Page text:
One of the most frequently asked questions we get asked here at Tech Impact about cloud computing is: “How safe is my data in the cloud?"
We have answered in blog posts before, and the answer is unequivocally yes. And we’re not the only ones who think so.
The cloud alleviates safety concerns that have historically haunted nonprofits and businesses of all sizes. The physical loss of data, documents and information through fires, burglary, or incidental destruction of hard drives is completely eliminated with the use of the cloud.
The truth is, it makes sense that people are questioning the effectiveness of cloud security. With the recent hacks at major brands like Target, Wal-Mart, and Apple being brought to the public’s attention, why should a nonprofit feel their security stacks up to those big names?
But with the world’s IT sector adopting the cloud at alarming rates, and the nonprofit sector specifically is getting comfortable with the cloud, there’s never been a better time than now to get your nonprofit up and running in the cloud. Getting ahead is the first step in staying ahead.
To make sure your nonprofit is up to snuff in its cloud security, here are a few areas of interest for you to consider.
Industries like healthcare and banking have have stringent guidelines and rules that are in place that ensure safety in cloud environments. To ensure your nonprofit’s safety in the cloud, you must first make sure you’re, and more importantly your cloud provider, in full compliance with all regulations and and requirements for that technology.
Make sure your IT staff is completely up to date with any changes in compliance, and what needs to be done on their end to make sure your nonprofit is meeting these standards.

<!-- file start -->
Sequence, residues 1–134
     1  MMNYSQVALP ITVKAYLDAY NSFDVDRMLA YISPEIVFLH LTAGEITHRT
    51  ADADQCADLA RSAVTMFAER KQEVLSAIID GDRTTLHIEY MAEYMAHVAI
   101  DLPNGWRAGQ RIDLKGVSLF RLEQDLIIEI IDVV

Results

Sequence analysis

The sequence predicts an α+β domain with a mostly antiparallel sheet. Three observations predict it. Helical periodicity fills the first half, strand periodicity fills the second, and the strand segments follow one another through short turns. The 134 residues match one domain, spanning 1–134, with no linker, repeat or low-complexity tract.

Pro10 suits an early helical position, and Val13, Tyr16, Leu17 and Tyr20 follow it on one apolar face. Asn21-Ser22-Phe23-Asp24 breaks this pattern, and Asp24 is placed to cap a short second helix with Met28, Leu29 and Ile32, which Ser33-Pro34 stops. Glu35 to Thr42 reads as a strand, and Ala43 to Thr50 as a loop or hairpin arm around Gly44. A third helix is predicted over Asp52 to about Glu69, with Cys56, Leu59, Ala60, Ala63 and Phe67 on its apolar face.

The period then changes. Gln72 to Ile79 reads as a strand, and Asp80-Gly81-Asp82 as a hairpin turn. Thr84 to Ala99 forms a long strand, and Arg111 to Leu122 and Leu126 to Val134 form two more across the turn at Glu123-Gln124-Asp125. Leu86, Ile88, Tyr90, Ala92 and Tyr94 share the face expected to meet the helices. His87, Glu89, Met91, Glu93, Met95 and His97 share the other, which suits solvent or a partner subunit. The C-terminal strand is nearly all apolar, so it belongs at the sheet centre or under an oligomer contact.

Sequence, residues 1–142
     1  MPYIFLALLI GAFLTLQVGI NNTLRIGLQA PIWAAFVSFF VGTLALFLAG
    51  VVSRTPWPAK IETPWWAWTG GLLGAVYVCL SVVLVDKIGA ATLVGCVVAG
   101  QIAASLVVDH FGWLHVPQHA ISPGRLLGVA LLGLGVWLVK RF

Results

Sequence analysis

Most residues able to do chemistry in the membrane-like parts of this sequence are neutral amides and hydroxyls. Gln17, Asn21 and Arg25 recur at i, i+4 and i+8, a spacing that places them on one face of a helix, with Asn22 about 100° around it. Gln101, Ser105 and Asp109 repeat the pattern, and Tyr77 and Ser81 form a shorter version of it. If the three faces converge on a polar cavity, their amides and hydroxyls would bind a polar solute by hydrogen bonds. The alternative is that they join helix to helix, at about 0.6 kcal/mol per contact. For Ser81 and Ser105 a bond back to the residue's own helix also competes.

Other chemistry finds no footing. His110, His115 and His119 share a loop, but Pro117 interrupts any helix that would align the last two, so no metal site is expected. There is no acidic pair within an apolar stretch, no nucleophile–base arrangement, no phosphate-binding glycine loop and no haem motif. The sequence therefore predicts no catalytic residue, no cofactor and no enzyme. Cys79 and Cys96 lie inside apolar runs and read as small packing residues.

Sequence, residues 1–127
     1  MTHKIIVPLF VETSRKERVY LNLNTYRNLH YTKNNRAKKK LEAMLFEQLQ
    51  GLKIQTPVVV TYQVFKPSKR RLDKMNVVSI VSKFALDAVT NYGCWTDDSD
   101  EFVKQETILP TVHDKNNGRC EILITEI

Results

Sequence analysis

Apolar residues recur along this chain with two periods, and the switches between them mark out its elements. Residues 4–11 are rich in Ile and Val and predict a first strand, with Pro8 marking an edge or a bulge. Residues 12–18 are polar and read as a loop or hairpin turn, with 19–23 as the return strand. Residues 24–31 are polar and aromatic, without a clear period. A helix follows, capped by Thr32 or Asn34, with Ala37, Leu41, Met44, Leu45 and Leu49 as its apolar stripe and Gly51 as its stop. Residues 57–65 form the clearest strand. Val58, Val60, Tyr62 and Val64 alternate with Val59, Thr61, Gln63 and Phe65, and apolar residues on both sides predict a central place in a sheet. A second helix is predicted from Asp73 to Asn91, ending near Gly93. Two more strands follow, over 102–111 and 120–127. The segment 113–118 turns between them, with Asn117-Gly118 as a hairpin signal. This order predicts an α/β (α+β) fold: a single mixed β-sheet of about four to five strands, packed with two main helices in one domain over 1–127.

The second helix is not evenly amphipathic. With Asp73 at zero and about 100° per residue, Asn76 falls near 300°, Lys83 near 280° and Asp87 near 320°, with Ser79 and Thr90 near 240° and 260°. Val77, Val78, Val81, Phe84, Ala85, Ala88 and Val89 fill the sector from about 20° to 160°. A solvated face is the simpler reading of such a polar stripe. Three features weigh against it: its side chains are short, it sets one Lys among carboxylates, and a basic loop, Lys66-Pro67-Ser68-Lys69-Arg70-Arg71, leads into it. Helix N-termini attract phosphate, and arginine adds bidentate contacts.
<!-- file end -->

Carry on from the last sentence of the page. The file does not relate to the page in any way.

2. Optional security isn’t optional
One of the most passed-on security options is potentially one of the most effective at keeping a cloud environment safe from hackers. Two-factor authentication, or multi-factor authentication, is the process in which a user can pass by a security authenticator by successfully presenting at least two of the following three things: knowledge factor (a password the individual has memorized), possession factors (think ATM cards), or inherence / realistic factors (think a finger print or eye recognition).
While you might think that simply having a knowledge factor authentication like a password is secure enough, it is rendered useless once that password is guessed one time. That hacker now has the same access to your information as your employee.
The bottom line is, the more layers of security your nonprofit puts in place the safer your information is. Veering away from “optional” security features like multi-factor authentication because of cost is like running a race without shoes because they ‘add weight.'
3. Find the right provider
The best way to safe is finding the cloud service provider who’s as dedicated to security as you are, and has a proven safety safety record. Before heading out and talking to a potential cloud service provider, check out this list of questions and items that they need to have answers to.